Studio Libeskind has released three renderings of the 10-storey apartment block, which will be built on a plot in the Sumner Houses estate in Bedford-Stuyvesant – often shortened to Bed-Stuy.
Although the firm designed the masterplan for the World Trade Center redevelopment, this housing block will be Studio Libeskind’s first building in New York City. Construction is set to begin in 2020.
The locally based firm has designed the building as part of a city-wide scheme to construct affordable housing for seniors on property owned by the New York City Housing Authority, known as Housing New York 2.0’s Seniors First.
Featuring a white angular form, the block will contain 197 residential units that will all be affordable to “extremely low, very low, and low-income individuals” for the duration of the 99-year-long lease. A 10,285-square-feet (955-square-metre) community facility will be placed at ground level facing Marcus Garvey Boulevard.
“I am extremely grateful and inspired by this opportunity to contribute to the Bed-Stuy community,” said architect Daniel Libeskind.
“I believe I can speak for our entire team that our goal is to serve the senior community by creating homes that give a sense of civic pride and create more much needed affordable housing in New York City,” added Libeskind.
Studio Libeskind was selected to oversee the design of the project alongside a team that includes; Selfhelp Community Services, a non-profit that provides services to vulnerable seniors living in New York; RiseBoro Community Partnership, an organisation that develops communities in Brooklyn and Queens; and affordable housing developers Urban Builders Collaborative/Lettire.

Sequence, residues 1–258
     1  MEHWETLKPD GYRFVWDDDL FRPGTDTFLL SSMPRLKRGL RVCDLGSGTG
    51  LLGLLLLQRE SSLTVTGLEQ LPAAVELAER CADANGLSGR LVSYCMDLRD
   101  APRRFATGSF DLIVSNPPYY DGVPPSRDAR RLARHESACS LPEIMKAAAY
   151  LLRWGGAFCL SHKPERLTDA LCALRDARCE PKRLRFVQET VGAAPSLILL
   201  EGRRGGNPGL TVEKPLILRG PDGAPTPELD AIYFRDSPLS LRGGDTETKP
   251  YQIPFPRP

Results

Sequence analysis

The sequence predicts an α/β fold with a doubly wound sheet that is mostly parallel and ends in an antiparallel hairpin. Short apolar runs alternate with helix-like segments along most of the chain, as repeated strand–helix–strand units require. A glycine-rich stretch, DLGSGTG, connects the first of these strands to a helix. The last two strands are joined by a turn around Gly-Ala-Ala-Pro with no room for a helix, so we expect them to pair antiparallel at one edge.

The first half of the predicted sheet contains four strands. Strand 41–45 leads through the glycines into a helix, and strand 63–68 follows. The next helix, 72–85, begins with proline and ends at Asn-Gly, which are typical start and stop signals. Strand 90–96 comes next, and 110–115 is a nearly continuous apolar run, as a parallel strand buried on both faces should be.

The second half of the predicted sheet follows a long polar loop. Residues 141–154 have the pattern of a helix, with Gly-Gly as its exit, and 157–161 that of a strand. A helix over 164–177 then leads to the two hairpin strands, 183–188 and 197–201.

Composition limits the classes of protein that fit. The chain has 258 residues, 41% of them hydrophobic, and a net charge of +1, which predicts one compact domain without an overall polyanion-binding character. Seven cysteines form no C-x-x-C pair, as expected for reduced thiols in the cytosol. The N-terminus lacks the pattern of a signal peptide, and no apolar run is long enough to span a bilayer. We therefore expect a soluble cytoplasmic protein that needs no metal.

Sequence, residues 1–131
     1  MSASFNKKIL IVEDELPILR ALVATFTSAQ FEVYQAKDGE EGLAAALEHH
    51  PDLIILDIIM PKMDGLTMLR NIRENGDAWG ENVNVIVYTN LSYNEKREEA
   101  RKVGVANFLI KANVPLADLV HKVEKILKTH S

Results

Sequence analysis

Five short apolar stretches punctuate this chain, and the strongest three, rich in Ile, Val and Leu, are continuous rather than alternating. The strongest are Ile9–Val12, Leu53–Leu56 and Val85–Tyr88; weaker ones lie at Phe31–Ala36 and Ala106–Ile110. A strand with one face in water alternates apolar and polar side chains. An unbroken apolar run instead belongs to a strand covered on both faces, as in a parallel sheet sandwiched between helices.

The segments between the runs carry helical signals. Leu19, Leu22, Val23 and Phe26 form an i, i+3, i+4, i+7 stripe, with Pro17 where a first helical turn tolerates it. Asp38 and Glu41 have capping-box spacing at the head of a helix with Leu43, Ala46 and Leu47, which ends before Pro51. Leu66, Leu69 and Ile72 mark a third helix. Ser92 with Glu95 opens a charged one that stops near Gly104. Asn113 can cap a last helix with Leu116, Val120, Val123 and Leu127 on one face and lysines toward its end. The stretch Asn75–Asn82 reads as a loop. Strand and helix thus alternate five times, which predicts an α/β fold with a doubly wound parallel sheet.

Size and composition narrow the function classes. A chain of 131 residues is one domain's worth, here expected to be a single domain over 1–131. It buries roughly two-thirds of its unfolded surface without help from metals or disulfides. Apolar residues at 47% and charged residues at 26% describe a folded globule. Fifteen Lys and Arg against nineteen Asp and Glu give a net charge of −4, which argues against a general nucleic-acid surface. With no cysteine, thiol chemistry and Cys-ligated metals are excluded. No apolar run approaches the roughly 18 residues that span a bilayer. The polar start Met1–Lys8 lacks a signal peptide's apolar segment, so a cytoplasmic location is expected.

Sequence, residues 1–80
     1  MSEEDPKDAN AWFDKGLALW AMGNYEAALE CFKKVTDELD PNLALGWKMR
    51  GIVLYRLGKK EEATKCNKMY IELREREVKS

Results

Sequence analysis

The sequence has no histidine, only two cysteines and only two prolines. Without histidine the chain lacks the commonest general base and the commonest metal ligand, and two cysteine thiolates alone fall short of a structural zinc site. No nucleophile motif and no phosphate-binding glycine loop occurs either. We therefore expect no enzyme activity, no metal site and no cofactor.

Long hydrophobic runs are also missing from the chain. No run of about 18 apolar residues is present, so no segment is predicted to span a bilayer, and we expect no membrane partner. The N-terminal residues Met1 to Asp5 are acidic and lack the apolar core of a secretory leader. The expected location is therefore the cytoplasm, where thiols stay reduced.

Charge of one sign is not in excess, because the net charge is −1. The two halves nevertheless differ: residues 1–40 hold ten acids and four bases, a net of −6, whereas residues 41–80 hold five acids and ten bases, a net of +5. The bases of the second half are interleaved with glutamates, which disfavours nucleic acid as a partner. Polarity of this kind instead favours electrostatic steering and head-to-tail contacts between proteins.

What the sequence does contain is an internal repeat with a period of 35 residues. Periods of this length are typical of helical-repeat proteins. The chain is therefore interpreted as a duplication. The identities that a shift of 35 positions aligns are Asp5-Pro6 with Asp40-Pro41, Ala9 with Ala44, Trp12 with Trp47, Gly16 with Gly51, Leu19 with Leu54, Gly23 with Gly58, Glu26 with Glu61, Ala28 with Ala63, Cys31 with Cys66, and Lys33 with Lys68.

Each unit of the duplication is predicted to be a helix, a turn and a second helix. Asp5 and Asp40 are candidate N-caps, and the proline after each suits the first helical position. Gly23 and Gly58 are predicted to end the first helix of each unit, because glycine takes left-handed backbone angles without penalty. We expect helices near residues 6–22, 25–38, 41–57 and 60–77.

The housing will feature a geometric shape similar to a number of projects that the firm is currently working on – including the Modern Art Center (MAC) in Lithuania and the Pyramid Toweryramid-shaped skyscraper in Jerusalem.
Large chunks will be cut from the corners at the base of the simple white cuboid volume to create a pair of glazed covered entrances at ground level. Another large portion will be shaved off at the upper lever to creates balconies for some of the residences.
Other details include diagonal bands that will criss-cross the walls over the windows, which are arranged in a regular layout. A courtyard at the centre of the building will be used as a private green space.
Libeskind, who placed at number 154 in 2017 Dezeen Hot List of the world’s most newsworthy forces in design, founded his eponymous studio in 1989.
As cities densify a number of architects and designers have developed dramatic ways to provide affordable residences. Studio James Law Cybertecture developed a prototype for stacking low-cost micro homes in Hong Kong’s concrete pipes, while design student Llywelyn James proposed cantilevering affordable housing on London’s brownfield sites.